Wednesday, September 22, 2010

That Time of Year...

Once a year I bring out my monster pots.
Ok, to be honest they come out at other times too, but only when my brother-in-law  is here.
He is notorious for excessive cooking. I'm not sure if it is the waste of time and energy that goes into making all that extra food or just the pure enjoyment of watching me attempt to cram the heaping gobs of leftovers into my inadequate storage receptacles that spurs him on, visit after visit, but whatever, that really belongs in a different blog with an entirely different choice of adjectives.
So, honestly, there is only one time of year that I bring out my monster sized pots along with all the do-dads that get stored in them when they're not boiling up twenty-five pounds of mashed potatoes or sixty-seven pounds of spaghetti. Ah-hem. Sorry.
 And that time of year is early fall when the apples are ripening here in Kansas.
When the days don't get quite so hot,
it was only 91 today
and the mornings are cool enough to run without the fear of going blind from sweat dripping in your eye.
I am not sure there is any medical proof that one could suffer blindness from dripping sweat in one's eye, but I don't feel it's necessary to take any chances.
I love the fall.
I was born in fall. It has always seemed to me that may be why I love it, again no medical proof, but regardless, I love everything about it...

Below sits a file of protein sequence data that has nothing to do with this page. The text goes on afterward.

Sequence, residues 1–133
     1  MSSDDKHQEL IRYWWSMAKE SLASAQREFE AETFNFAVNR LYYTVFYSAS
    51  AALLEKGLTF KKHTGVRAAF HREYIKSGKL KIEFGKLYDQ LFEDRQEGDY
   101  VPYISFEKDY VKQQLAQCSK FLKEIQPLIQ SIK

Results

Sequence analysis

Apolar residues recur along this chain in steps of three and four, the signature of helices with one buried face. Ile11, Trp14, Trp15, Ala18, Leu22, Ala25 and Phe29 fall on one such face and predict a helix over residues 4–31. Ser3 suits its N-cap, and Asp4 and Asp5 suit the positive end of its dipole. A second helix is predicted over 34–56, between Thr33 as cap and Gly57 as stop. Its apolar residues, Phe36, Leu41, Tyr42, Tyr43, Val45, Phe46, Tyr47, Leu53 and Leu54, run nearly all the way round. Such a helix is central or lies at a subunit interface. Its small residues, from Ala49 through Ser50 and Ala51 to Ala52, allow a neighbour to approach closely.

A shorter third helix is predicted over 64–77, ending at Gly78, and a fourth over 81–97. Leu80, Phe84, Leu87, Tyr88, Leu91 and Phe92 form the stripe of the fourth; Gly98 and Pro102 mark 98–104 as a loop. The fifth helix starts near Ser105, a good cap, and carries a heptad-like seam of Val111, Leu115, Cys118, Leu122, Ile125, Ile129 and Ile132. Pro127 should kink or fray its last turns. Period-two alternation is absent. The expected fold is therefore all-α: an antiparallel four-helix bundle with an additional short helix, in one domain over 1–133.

the temperatures, the colors, the food, everything but the allergies.
Fall is when you start to light the wood stove.
It's when you start to curl up with a book all evening and not feel guilty that you aren't doing something more productive.
It's when you start to feel that brisk little snap in your lungs with the first breath of morning that makes you feel awake and alive and anxious to see the sky.
And best of all, fall is when you open the window to feel a cool breeze while you heat up the kitchen with baking.
Now, I've never been shy on my feelings for cooking.
I hate cooking. 
Hate, abhor, detest, loath, are we getting the picture here?
I am to cooking as a fish is to gasping for breath on a dry sandy beach.
But baking...
that is how we get cake.
I think cake speaks for itself.
So where in the scheme of these two similar yet polar opposites do apples and giant pots rest?

I'm not entirely sure...

Peeling, coring, and slicing up apples feels more like baking.
And adding things like sugar, cinnamon, and allspice, well now those are definitely baking ingredients, but running it through a meat grinder and standing over a stove certainly feels like cooking.
 Of course it does have the whole scientific experiment element.
Boiling jars and using rubber coated tongs and funnels adds something of a chemistry kit fun to the whole thing.
And I can't escape the romance of history.
The idea that pioneer women, dotting the Kansas countryside, stood over pots stirring and canning... that I can shadow those women of the past, repeating the same process, all be it on a glass top stove instead of cast iron. It is an appealing notion.

But all in all, I think the thing that really sways me is the end,

the line-up.

God help me, I know I'm a freak about matching sets and straight lines,
but there is just something about taking those identical little jars full of sweet cinnamon-apply goo and lining them up.

If I could afford a shrink I'm sure he would diagnose me with something that would explain my straight line psychosis,

perhaps even medicate me.

But, for now, I will have to feed that addiction each fall with a day full of peeling, chopping, grinding, mixing, stirring, boiling, and sealing,

just to get those pretty little lines of homemade apple butter.